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SOCRATES ON HOW WRONGDOING DAMAGES THE SOUL

THOMAS C. BRICKHOUSE and NICHOLAS D. SMITH
The Journal of Ethics
Vol. 11, No. 4 (December, 2007), pp. 337-356
Published by: Springer
Stable URL: http://www.jstor.org/stable/20728514
Page Count: 20
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SOCRATES ON HOW WRONGDOING DAMAGES THE SOUL
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Abstract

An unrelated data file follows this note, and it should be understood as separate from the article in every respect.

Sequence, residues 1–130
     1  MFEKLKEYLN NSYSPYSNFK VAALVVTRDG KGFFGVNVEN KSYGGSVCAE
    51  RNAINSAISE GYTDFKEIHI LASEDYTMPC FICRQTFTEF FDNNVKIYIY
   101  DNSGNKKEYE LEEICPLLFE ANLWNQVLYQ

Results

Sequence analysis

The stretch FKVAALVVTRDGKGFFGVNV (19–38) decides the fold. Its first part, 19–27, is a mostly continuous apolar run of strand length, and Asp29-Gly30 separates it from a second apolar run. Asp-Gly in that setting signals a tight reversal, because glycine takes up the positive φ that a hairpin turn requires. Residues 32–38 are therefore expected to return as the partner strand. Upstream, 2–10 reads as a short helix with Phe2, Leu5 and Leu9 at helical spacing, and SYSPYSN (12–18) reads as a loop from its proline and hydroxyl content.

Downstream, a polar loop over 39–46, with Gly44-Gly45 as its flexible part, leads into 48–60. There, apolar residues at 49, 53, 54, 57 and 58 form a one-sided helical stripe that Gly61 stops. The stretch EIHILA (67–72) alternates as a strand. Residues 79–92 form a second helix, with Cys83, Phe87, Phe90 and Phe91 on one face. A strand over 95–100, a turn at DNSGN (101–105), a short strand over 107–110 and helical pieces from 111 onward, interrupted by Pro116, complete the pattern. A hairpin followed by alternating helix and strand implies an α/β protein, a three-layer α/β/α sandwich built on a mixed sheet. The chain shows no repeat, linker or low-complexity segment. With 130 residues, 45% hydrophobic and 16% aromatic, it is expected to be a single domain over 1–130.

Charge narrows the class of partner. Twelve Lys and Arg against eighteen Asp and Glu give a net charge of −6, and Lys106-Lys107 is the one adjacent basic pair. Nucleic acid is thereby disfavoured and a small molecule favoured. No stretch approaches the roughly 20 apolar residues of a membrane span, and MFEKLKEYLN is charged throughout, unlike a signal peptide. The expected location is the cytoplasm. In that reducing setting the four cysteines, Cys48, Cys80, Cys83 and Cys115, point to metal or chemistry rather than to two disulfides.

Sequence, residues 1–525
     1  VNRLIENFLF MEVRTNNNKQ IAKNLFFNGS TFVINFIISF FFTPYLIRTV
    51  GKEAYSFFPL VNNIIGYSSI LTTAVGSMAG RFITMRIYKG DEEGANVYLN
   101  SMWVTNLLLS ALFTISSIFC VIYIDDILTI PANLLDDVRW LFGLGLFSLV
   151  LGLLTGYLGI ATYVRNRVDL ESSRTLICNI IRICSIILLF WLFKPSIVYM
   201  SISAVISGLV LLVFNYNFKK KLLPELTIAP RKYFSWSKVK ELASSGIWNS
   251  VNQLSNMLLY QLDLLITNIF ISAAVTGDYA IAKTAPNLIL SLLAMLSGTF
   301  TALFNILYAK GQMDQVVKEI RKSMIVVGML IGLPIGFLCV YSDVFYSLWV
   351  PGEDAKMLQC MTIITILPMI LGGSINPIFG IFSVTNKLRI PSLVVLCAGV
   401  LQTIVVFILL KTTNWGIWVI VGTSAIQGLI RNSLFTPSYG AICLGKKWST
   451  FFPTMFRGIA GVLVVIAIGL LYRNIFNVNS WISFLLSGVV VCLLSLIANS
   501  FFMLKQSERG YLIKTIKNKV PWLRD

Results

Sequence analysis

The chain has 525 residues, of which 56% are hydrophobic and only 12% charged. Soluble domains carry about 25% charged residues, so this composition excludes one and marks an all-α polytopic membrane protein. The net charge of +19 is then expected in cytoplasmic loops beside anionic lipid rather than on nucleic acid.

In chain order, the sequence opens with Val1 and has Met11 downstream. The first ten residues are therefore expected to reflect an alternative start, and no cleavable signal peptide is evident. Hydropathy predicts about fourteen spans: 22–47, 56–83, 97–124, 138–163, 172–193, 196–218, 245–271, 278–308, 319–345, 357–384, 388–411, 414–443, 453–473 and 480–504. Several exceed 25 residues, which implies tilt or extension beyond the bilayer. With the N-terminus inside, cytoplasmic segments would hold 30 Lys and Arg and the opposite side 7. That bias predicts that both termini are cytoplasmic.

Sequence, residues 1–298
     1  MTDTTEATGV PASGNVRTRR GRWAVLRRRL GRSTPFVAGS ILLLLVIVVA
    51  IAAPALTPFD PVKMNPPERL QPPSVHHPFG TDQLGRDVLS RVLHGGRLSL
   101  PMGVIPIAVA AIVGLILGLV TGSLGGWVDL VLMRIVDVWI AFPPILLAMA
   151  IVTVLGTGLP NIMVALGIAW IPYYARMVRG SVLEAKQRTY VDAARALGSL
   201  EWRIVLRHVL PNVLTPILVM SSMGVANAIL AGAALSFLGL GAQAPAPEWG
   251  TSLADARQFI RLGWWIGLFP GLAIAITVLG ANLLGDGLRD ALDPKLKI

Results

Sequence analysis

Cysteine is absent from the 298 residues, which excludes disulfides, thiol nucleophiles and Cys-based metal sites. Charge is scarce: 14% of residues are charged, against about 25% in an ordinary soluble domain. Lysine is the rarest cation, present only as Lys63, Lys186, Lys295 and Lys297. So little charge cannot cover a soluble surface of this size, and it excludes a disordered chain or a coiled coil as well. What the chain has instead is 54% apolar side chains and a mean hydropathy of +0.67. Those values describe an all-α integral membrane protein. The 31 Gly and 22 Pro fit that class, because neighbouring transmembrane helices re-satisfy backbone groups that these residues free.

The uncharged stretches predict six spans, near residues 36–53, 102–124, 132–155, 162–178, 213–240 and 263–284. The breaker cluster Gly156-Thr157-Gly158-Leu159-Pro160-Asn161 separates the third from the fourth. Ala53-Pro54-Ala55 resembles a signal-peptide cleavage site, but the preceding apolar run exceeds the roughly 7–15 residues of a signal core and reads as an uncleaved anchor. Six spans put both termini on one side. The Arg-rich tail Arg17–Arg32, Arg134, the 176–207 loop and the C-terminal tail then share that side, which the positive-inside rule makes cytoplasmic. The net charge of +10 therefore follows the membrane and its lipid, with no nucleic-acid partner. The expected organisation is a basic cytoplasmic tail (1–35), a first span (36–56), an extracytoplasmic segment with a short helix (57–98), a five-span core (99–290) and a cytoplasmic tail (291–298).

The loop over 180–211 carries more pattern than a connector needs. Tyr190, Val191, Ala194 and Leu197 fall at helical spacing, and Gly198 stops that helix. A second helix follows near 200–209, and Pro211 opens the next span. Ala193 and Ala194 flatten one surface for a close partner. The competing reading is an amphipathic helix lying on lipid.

There has been little scholarly attention given to explaining exactly how and why Socrates thinks that wrongdoing damages the soul. But there is more than a simple gap in the literature here, we shall argue. The most widely accepted view of Socratic moral psychology, we claim, actually leaves this well-known feature of Socrates' philosophy absolutely inexplicable. In the first section of this paper, we rehearse this view of Socratic moral psychology, and explain its inadequacy on the issue of the damaging consequences of wrongdoing. We then go on to provide our own account of the way in which injustice damages the soul, and then draw conclusions about how Socratic moral psychology should be understood.

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